Loki’s son

Thor, Sif, and Loki walked into the bar.

“Oh fuck.” It was twenty minutes to closing and the place was deserted, except for the bartender. She snapped her fingers and the sign flipped from open to closed. “I told you to stay out of here.”

“Relax, Sigyn,” said Sif. “He’s with us.” Sif  shook her hair loose from her cloak, and four beer steins sprang onto the bar. “What ‘s on tap?”

Sigyn stared at the mugs for a few seconds. “The Sam Adams isn’t bad.” She regarded Loki with lowered eyebrows, while he looked at everything in the room except his wife. She turned to Sif. “Why would it matter who he came in here with? The Allfather himself could bring him, and I wouldn’t want him back.”

Loki turned and walked to the door. “You see?” he said to Thor. “I told you, she’s not ready.”

“Sit down and tell me what you’re doing here.” Sigyn curled her hand into a fist and pulled her husband into a chair without moving near him. Then she filled the steins and carried them to the table. She nodded to Thor and Sif. “Sit,” she told them.

Loki said, “I have spoken with Fenrir. He is the last…”

“I do not wish to hear about your other children. Your living children.”

Behind the bar, a dog whined. More wolf than hound, it padded up behind Loki and nudged his hand. He looked down and slowly stroked its soft fur. Sigyn glared, but did not speak. Loki got out of his chair and knelt stroking the animal’s back and finally holding its face so their eyes met. “Is there any of you left in there Valí?” The dog whined and tugged its face away.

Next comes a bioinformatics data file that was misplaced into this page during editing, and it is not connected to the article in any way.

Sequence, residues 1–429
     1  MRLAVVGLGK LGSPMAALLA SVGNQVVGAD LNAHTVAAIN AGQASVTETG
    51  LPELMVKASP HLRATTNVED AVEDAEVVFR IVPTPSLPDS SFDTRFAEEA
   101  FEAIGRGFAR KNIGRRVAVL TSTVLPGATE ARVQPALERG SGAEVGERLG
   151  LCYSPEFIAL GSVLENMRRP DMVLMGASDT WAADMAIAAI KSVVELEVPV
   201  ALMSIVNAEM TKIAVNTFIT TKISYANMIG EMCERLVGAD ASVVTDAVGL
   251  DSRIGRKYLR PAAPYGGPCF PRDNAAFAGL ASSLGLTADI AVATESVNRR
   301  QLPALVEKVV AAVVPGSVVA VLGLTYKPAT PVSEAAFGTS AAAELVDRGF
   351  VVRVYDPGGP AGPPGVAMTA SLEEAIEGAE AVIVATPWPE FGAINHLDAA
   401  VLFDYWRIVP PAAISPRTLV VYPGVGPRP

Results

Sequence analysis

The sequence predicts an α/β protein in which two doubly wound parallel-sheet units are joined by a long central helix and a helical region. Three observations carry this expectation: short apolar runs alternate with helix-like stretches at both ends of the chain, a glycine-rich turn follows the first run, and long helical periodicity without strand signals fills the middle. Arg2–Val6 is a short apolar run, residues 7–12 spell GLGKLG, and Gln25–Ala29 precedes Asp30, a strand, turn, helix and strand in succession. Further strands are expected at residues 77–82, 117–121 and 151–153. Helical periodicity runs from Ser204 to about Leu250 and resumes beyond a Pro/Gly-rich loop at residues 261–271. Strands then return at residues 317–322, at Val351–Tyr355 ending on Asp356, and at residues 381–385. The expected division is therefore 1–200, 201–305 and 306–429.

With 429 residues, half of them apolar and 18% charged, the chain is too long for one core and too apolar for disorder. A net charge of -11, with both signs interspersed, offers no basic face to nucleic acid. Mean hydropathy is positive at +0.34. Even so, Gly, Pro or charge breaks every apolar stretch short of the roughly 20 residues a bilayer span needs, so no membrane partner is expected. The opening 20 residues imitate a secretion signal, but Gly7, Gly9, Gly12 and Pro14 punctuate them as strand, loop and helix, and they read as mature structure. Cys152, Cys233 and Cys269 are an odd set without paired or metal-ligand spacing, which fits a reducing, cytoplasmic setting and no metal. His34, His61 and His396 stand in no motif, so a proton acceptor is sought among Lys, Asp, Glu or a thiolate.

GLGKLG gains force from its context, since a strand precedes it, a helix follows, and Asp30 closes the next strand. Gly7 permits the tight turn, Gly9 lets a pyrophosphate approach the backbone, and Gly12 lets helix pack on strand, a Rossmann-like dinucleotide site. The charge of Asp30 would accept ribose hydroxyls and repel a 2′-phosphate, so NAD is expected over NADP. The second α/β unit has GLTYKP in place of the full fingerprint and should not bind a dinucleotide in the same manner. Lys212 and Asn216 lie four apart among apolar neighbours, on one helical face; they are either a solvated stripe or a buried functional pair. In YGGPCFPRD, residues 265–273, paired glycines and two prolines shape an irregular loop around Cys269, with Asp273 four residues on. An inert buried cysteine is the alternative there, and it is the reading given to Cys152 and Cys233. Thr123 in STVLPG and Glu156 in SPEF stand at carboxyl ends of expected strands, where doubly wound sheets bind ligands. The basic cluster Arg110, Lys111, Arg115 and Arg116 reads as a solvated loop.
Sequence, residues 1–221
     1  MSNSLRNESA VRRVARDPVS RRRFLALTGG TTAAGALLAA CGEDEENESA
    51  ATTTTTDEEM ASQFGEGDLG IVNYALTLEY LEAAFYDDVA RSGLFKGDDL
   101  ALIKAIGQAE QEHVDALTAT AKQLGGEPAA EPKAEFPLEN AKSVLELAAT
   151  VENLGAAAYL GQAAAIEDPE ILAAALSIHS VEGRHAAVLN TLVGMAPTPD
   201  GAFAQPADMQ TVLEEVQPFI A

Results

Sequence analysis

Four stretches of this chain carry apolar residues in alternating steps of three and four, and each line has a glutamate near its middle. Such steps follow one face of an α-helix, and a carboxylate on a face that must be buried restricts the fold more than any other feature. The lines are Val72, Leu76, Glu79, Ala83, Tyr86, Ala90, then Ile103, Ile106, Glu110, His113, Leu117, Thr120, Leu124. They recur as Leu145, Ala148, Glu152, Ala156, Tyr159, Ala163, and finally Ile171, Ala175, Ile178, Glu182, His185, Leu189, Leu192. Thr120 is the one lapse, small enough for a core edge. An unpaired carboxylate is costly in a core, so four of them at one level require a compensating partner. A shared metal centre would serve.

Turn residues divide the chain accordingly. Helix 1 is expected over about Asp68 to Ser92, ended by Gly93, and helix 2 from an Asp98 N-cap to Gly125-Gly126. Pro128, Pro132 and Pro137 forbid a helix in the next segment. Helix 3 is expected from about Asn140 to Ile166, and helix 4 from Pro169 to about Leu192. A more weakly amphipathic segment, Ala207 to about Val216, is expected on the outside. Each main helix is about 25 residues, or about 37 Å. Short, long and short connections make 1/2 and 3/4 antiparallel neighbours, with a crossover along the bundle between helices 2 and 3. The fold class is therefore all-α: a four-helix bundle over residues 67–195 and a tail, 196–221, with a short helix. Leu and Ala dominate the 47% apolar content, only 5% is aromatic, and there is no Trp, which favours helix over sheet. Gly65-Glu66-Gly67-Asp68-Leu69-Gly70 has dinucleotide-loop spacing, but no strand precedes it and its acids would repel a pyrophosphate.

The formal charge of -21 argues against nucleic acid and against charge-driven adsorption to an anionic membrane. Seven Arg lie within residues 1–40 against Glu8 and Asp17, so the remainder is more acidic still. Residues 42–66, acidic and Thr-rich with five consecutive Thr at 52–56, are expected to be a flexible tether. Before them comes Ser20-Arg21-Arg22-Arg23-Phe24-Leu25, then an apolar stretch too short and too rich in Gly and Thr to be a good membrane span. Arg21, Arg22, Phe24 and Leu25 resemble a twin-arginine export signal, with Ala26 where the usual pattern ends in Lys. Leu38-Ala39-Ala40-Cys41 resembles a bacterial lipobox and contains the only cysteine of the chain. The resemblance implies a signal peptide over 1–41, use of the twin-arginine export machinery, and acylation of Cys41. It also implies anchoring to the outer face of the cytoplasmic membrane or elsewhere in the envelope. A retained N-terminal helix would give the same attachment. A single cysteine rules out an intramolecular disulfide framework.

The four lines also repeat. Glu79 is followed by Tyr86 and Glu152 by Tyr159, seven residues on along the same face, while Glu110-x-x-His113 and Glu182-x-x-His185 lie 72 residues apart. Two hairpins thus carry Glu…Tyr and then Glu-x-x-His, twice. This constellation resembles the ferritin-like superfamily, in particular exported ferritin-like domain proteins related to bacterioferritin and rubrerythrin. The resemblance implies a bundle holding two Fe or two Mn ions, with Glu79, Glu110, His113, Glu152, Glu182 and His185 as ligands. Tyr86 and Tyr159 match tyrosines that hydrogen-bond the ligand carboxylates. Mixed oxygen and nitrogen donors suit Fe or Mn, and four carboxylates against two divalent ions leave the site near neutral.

Sigyn said, “Some. He knows you anyway.”

“And at least like this he doesn’t blame me.”

“And if he did, at least he’d be alive to do it.” Sigyn took a long pull of beer.

Thor said, “Enough.  You are angry. We will be brief.”

“How long did I sit beside you?” Sigyn half rose. “How many years did I hold that basin above my head and listen to you scream when the venom struck you because the basin was full and wanted for emptying?”

Loki rubbed one scarred cheek, but didn’t answer.

“Only for you to rise up and join with others who were not your wife. We will meet on the battlefield, Loki, and I will…”

Enough,” Thor repeated. “Loki, speak your mission.”

Loki rose and then sat back in his chair. From under the table, he produced a duffel. He said, “I have Narfi’s head, body, and soul. Every one of those others gave me something. Hel collected his essence for me. Fenrir got me his bones, and  Jörmungandr found his sinews. They did this because I am their father, and because I was their father before I ever met you.

“The others, the ones I went to after I was freed, they did not cooperate for love alone. The stallion gave me Narfi’s skin and I paid for it by becoming a mare and bearing his daughter. That daughter is Sleipinir, and because I am her mother, she drew out Narfi’s hair from the earth where it was buried.   The troll for whom I was a milkmaid found me his two eyes and rendered them whole again. If I have betrayed you, I am sorry. But I am carrying our second son in this bag. He may yet wake to blame his father.”